Andrew Spurrier-Dawes, Choreograph: “Compassion and empathy”

"Compassion and empathy”

People are the lifeblood of the industry. For the industry to continue to thrive and enable people to bring the best versions of themselves to the workplace and do their best work, we need to do everything in our power to prioritize mental well-being and ensure people feel supported at all times. In recent times, mental health has rightly been given more airtime, shining a light on important topics. To continue to move forward in this area, it's vital we hear people's stories so we can empathize, show compassion, and create a better future. 

In the latest episode of our Identity Architects podcast, InfoSum's VP, Corporate Marketing, Ben Cicchetti, sat down with Andrew Spurrier-Dawes, Global Head of Client and Agency Enablement, Resolve at Choreograph, to discuss mental health and growing awareness, first-party data, the cookieless future, and more. 

“Helping people has always been just something I've wanted to do. [...] Mental health is something that everybody's got, it’s exactly the same as physical health.”

One of the most important developments in recent times is the acknowledgment that everyone has ‘mental health.’ As Andrew notes, it’s the same as physical health; people need certain things to help them improve or maintain their mental health.

“It's really important just to understand ourselves. So, let's work out what you need to learn about yourself. [...] With fitness and health, we all know what the answer is. It is not difficult. You need sleep, you need water, you need exercise, and it's the same with mental health. You need sleep, you need water, you need exercise, you need connection. You need to speak to people. You need community.”

We couldn’t agree more. But where do we get that connection? 

“There are third spaces at the moment, so the idea is that your first space is your home. Your second space is your work, and then the third space is a space outside of those where you can hang out, and we're seeing a lot of a dramatic loss in them in society.”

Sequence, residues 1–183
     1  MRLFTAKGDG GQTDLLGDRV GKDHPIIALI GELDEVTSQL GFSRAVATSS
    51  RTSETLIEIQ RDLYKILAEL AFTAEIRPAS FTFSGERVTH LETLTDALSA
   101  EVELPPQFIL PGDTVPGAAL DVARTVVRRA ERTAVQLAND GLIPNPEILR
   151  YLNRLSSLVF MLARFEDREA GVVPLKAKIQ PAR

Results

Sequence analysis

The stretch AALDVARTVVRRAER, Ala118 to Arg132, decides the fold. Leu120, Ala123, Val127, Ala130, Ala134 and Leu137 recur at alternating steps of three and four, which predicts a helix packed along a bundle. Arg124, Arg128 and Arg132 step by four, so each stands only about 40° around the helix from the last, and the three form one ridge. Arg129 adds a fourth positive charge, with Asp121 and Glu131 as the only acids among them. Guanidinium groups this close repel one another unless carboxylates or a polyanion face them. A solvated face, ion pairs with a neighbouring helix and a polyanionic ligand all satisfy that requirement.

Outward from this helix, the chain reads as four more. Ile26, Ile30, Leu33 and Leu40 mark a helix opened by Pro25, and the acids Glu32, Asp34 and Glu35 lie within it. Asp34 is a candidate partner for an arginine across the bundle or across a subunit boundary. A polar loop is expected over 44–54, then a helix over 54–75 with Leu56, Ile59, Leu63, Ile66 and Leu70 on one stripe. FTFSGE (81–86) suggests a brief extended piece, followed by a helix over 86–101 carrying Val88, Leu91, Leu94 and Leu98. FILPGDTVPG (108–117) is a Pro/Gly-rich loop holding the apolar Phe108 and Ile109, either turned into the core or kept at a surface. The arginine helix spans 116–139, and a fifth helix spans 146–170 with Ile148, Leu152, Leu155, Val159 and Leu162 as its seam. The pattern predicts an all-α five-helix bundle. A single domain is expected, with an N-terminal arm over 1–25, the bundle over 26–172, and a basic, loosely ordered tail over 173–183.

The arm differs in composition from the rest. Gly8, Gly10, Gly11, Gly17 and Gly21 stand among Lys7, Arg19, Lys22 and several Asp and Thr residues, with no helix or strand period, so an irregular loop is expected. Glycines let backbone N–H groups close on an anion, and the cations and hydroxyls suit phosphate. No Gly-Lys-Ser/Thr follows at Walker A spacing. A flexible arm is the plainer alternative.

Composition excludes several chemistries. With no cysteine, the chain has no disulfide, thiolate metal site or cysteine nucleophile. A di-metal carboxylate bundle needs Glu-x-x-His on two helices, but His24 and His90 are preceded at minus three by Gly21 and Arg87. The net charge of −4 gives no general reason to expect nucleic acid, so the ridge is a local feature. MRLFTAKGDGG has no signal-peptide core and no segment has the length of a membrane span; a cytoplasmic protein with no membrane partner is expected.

People are hardwired for genuine human-to-human connection, which, unfortunately, has been in decline with the advent of the Internet, the explosion of devices, and the introduction of social media. We are more connected than ever before, yet we lack that real human connection. 

“Where's the humanity? Where's the comparison set coming from? Is it from an algorithm to find a group of highlights of people you'll never know who aren't from where you are, who are trying to sell an image and trying to sell something or are they from your community where they’re not filtered, it's people going through struggle, it's people who will be able to help you when you're locked out your house, it’s the people who care about you where you've got a joint ambition to make what where you live and everything you are brilliant and who share a connected set of ideals. That's maybe the shift in ideals from being community-based to being online-based has been quite a damaging thing.”

Being part of the media and advertising industry, we have an important role in making people aware of this. We can affect positive change through our work and how we invest in the internet.